Napa Earthquake Causes Major Winery Damage

Napa Earthquake Causes Major Winery Damage
AP Images

Barrels of Cabernet Sauvignon at the B.R. Cohn Winery barrel storage facility after an earthquake hit Napa Valley.

A 6.0 earthquake hit Napa Valley at 3:20 a.m. local time this morning, injuring at least 120 people, six of them critically, and causing considerable damage, including loss of inventory, at local wineries. Numerous gas and water line leaks were reported, some roads buckled, several buildings sustained major structural damage, approximately 15,000 households in Napa and Sonoma counties lost power, and the earthquake is being blamed for at least half a dozen fires, sevewral of them destroying homes and mobile homes.

The epicenter of the quake, the most powerful in this part of California since the Lomo Prieta quake of October, 1989, was reported to be along Milton Road in the salt marshes just south of Napa County Airport and adjacent to the wineries that dot the rolling hills of the Carneros region. Early photos are being posted on the Internet of damage to barrel cellars and the stored bottles in wineries around the city of Napa and Oakville, including the esteemed Silver Oak Cellars, which lost much of its irreplaceable library collection of older vintages, as bottles tumbled to the floor and shattered. Images from up-and-coming Matthiasson winery in Napa showed a cellar strewn with barrels tossed about by the quake. Trefethen and other wineries just north of Napa reported damage, as did some storage facilities serving multiple smaller wineries.

For the some 800 wineries in Napa Valley, the time of day the earthquake struck — early morning, when almost no one is inside the winery cellars — was fortunate, but the time of year could hardly have been worse, as harvest is just beginning. Wineries most affected by the damage have twin problems: trying to save wine still in barrels and tanks and also repairing and restoring fermentation and storage equipment needed for the new vintage. Nevertheless, many opened their tasting rooms to tourists on Sunday afternoon.

Bouchaine Viineyards in the Carneros, less than a mile from the quake’s epicenter, posted on Facebook that "The barrel rooms are a bit of a mess, and there isn't any power, but we're all OK." In the Stags Leap district, Robert Sinskey of Robert Sinskey Vineyads along the Silverado Trail, reported said, “It’s a big mess, but all safe.” Bruce Neyers of Neyers Vineyard in Sage Canyon reported, “All is OK. Lost some wine.” For many winemakers, there were twin losses, as many reported damage within their residences as well.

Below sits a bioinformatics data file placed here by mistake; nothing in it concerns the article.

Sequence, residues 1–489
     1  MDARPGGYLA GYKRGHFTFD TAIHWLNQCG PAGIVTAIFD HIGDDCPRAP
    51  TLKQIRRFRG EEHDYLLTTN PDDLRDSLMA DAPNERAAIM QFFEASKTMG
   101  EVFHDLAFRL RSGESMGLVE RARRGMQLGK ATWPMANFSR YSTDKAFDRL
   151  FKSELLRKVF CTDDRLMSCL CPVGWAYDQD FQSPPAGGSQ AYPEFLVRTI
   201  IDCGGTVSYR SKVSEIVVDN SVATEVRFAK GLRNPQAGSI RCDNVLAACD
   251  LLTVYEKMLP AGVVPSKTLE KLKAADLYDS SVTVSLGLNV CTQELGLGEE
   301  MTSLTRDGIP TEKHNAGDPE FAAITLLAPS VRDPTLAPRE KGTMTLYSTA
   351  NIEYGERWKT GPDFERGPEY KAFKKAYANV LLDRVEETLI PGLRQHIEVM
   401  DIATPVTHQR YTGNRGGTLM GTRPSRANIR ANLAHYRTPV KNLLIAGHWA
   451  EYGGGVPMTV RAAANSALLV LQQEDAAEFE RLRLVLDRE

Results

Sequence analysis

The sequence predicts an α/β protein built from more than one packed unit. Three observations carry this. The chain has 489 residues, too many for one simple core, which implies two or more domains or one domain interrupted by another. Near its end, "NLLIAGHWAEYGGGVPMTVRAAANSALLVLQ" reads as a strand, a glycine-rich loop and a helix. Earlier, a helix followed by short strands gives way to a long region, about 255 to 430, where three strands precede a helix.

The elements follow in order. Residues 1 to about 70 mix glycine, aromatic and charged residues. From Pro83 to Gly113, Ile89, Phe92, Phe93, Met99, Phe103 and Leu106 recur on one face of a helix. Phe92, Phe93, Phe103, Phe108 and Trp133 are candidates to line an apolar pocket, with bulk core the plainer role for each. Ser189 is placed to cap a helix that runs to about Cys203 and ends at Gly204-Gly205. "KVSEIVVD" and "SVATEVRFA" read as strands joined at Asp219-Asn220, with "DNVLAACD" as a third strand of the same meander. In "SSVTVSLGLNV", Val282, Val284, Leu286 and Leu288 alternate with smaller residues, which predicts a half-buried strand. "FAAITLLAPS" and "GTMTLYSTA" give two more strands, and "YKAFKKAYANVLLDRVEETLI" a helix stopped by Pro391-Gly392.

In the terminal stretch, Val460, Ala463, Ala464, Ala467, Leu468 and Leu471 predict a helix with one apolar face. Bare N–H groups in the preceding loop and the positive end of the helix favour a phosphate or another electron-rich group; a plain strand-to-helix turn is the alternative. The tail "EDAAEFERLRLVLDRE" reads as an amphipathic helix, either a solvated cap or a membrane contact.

“At this time, our priorities are to provide information and resources to our community and our members while compiling and assessing information on behalf of the Napa Valley wine industry,” says Cate Conniff of the Napa Valley Vintners Association. “We expect to know more in the next 24 to 72 hours.”

When asked about the harvest in progress, Conniff stressed traditional neighborliness of area vintners. “You can bet that if one neighbor has damage, and another neighbor can help, what needs to happen will happen,” she says. “There are decades and decades of this collaborative spirit already in place.”

Napa was hit harder than other nearby regions, though the quake was felt throughout the North Coast. “Sonoma is better than Napa, where there was more damage,” reports Hélène Seillan, winemaker at Sonoma's Cenyth, owned by Jackson Family Wines. “I felt like I was on a boat, my bed rocking back and forth and shaking so hard!”

Restaurants and hotels in the Napa area were also hit hard, although generally less so than the wineries. Some restaurants reported significant breakage of glassware and wine bottles, but the larger worry for those without backup generators was food spoilage. Among the worst hit was Don Perico, a Mexican restaurant in Napa, which had significant structural damage.

Outside Napa city, the restaurant situation was much better, although power was still as issue Sunday night. Thomas Keller’s iconic French Laundry tweeted, “We are safe and sound in Yountville. Our thoughts and prayers go out to everyone affected by this earthquake. You have our support.” 

Napa hotels, some of which evacuated guests immediately after the quake, told tales of expensive guest-room televisions being thrown to the floors. The tallest building in town, the five-story Andaz Hotel, did a room-to-room search for possible victims, fortunately finding none.

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According to the U.S. Geological Survey, the total cost of damage from the quake could exceed $1 billion.